Go On a Treasure Hunt
Here’s a great way to keep the family fit and teach your kids about trust, teamwork, and problem solving at the same time. Take them to a local park and set an expedition course on a map, circling various “checkpoints.” Take turns navigating to each point on the map and leading the team to each destination. “Start out with an easy course in an open park and then progress to a trail system,” suggests Jenny Hadfield, a Chicago-based fitness coach and author of Marathoning for Mortals. “Stay together and explore terrain features, study map clues, and look for the secret treasure.” Sound too complicated? Then merely go hunting for bugs, animals, or flowers. You can’t entertain a young kid much better than finding a colorful salamander under a log or rock.
Train for School Fitness Tests as a Family
Learn which fitness tests your child is required to pass in physical education class and train for them as a family. Set goals, such as running a quarter-mile and then a half and then a full mile in a certain amount of time—and reward each family member for meeting each goal.
Hold a Sports Party
Rather than the typical pin-the-tail-on-the-donkey birthday party, hold your child’s birthday party in an active location, such as a roller-skating or ice-skating rink, laser tag center, wall-climbing gym, or indoor playground center. You don’t have to limit this to parties. A growing number of indoor playgrounds offer such structured games weekly. Or you can have your own “no particular reason” party. Kids won’t think of what they’re doing as exercise—but it is.
Play Follow the Leader
Line up single file and weave your way through the house or backyard. Every few steps, hop, skip, do the grapevine or some other movement that your followers must imitate. Once the kids get the hang of the game, let them take turns as leader. Their naturally creative minds will come up with all sorts of fun movements for the followers to imitate. You’ll be out of breath before you know it.
Wash the Car Together
The scrubbing is good exercise, but everyone getting wet and soapy is just plain fun for kids.
Plan a Garden Together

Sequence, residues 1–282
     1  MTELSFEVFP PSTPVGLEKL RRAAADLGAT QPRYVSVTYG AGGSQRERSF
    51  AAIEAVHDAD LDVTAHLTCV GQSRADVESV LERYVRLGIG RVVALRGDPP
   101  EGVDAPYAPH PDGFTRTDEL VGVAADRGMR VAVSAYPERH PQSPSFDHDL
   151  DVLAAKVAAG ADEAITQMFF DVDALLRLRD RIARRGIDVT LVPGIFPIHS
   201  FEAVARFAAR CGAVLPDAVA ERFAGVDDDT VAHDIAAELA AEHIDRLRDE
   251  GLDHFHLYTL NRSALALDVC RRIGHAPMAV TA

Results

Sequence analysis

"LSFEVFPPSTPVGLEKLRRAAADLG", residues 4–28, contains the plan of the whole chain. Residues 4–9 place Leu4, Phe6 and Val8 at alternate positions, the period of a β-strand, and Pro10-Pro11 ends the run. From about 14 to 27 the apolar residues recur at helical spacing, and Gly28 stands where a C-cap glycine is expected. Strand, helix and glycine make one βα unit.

As you dig holes, plant seeds, and pull weeds, you’ll build your child’s and your upper body strength. As an added bonus, research shows children are more likely to eat the vegetables they help grow, which means your gardening forays will help your child follow a more nutritious diet.
Take a Bimonthly Hike
Grab a backpack, plenty of water (everyone should drink 8 ounces every half-hour), and a light lunch and head to a local trail for a hiking expedition. Wear hiking boots for rocky terrain or sneakers for smoother trails, and pack sunscreen and insect repellent. To make this more fun for kids, make it about something else, such as looking for a particular animal or bird, climbing to see a lake or pond, or seeing how many rocks you can scamper over without touching the ground. Kids like hiking much better when they don’t realize it’s about hiking! Bring a picnic, of course; this is a great opportunity to share a delicious but healthful meal and cultivate good family eating habits.
Dance During Commercial Breaks
Make it a family rule that whenever you watch television, you have to stand up and dance around during the commercials. This goes for everyone! Whoever gets caught sitting on the couch during a commercial break must perform his or her least-liked household chore for one week.
Take Your Kids for a Wagon Ride
Place small children in a wagon and pull them around the neighborhood. As you pull the wagon, you can get an upper body workout by mimicking typical exercises you would do in a gym. For example, you can walk backward as you pull the wagon, bringing your hands toward your shoulders to simulate a biceps curl. You can walk sideways—doing the grapevine—as you lift and lower your arm out to the side. When you walk forward, bend and extend your elbows for triceps presses. You can also raise your bent elbows toward your shoulders to mimic upright rows. Plus, to make it a better workout for the kids, have them get out of the wagon and walk periodically.